Q&A: Milana Vayntrub, aka AT&T’s Lily, Tells Us About Directing Her First Commercials

For Cracker Barrel's Macaroni & Cheese

Headshot of Kristina Monllos

Milana Vayntrub, the actress who plays AT&T's endearing spokeswoman Lily, just directed her first commercial work for Cracker Barrel Macaroni & Cheese. 

The comic new spots, which Vayntrub directed through Crispin Porter + Bogusky and production company Hungry Man, highlight the product's use of Cracker Barrel's cheddar cheese. You see, apparently Cracker Barrel's cheddar is so special that it's been an award-winning cheese for 60 years. And of course, if you're eating macaroni and cheese that uses award-winning cheddar, that renders all other awards and award ceremonies lackluster. At least, that's how the brand's new spokesman, Trophy Man, puts it. 

"Since the 'Award Worth Winning' campaign for Cracker Barrel Macaroni & Cheese was a character-driven campaign, we thought Milana was an interesting choice to bring him to life, since she herself stars in a character-driven campaign that's funny and successful," said Adam Chasnow, CP+B executive creative director.

Adweek caught up with Vayntrub to chat about her commercial directing debut, the status of her work with Syrian refugees (she released a video, "Can't Do Nothing," earlier this year, which documented her experience in Greece), and of course, macaroni and cheese.  

Adweek: Why did you want to direct these spots? 

Milana Vayntrub: Commercial directing felt like a very natural transition from my comedy, sketch, music video directing experience. Also, working with Hungry Man for over two years now [Hank Perlman of Hungry Man has directed most of AT&T's Lily spots], there's definitely a lot of collaboration in that commercial creating process. Those two worlds coming together felt like directing commercials now was the right next step. When the opportunity came from Hungry Man to direct for them, I was beyond honored and super eager to take on that task. 

What was your thinking going into the project? What did you want to convey? 

Cool question, cool question [laughs]. I think that my skill is in comedy creation, and I wanted to highlight that this is a premium macaroni and cheese product while also making something funny and lovable about a guy who loves macaroni and cheese more than anything, so much so that any other award is unworthy of attention. One of the things we talked about with the agency pretty early on is that there's something almost Seinfeld-ian about pointing out the ridiculousness of other awards, so that's kind of the way we approached this spot. My goal going in was always to highlight how premium this product was and make it as funny as possible.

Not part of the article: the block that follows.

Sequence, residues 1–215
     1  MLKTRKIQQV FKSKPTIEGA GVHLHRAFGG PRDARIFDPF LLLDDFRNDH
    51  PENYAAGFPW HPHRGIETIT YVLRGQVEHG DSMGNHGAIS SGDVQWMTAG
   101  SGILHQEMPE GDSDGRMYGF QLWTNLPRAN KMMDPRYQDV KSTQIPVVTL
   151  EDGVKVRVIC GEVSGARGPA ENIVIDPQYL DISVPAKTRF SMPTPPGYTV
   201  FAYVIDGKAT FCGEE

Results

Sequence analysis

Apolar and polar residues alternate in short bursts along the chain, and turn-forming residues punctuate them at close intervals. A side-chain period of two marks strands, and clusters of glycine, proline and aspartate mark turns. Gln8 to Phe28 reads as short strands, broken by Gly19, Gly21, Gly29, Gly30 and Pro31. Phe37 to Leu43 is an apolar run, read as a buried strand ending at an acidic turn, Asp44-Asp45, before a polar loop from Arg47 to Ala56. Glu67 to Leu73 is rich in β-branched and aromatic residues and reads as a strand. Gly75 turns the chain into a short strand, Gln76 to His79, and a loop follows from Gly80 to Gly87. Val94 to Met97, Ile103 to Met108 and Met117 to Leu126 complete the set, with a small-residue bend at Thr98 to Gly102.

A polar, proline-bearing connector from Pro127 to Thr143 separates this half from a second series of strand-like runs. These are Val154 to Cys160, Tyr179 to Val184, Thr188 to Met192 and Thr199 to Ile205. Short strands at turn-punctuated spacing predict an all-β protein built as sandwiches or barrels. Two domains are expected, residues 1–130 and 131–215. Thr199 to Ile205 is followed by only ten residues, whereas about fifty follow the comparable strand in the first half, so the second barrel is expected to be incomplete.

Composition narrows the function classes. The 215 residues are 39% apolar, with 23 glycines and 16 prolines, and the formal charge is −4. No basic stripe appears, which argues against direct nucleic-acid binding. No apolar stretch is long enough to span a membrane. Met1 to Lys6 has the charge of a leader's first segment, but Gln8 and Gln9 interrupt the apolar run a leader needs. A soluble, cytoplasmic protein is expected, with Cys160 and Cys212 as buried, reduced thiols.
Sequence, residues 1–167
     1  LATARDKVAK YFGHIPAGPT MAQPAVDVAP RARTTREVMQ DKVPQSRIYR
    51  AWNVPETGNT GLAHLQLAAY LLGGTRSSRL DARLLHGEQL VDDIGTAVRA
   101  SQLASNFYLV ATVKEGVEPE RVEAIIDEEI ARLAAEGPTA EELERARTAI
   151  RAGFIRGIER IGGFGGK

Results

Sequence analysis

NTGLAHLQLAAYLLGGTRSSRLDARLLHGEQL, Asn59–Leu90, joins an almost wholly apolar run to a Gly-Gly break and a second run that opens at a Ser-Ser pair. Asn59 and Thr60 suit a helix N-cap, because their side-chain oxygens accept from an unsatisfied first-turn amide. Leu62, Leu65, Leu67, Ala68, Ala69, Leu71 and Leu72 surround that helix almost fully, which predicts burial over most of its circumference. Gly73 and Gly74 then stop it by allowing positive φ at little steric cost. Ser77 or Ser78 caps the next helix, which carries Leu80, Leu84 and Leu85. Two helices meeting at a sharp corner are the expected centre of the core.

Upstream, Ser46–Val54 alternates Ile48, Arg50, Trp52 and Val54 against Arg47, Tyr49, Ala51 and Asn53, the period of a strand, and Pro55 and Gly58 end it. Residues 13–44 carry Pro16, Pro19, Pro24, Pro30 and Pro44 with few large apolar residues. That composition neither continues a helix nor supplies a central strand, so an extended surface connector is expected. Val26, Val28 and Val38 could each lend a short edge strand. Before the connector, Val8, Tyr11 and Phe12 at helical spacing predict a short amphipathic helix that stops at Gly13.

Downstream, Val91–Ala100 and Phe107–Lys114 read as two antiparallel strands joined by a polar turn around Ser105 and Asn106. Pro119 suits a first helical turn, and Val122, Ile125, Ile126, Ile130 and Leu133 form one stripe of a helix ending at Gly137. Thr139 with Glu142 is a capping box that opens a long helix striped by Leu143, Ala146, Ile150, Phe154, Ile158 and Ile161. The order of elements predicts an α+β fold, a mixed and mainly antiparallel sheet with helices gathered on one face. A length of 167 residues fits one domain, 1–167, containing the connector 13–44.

Are you interested in doing more commercial directing?

God, I hope so. I really hope so. It was so much fun. I genuinely felt so in my element, and I had a really great time. I loved the creative collaboration with the agency and the client and the actors, the producer, the DP, our whole crew was absolutely stellar. I had an absolute blast, and it fulfilled all my creative juices for creation and development and sales design. I hope to get the opportunity to do it many more times. 

You're traditionally on the other side of the camera. Is there a difference in the way you work with an agency when you're the star of an ad versus the director of an ad?  

It's very different. In the creative process, as an actor you have very limited communication with the agency until you shoot. You don't really see them until the day of production. As a director, you're involved creatively much earlier and developing the ad as a team. 

Do you prefer one or the other? 

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@KristinaMonllos kristina.monllos@adweek.com Kristina Monllos is a senior editor for Adweek.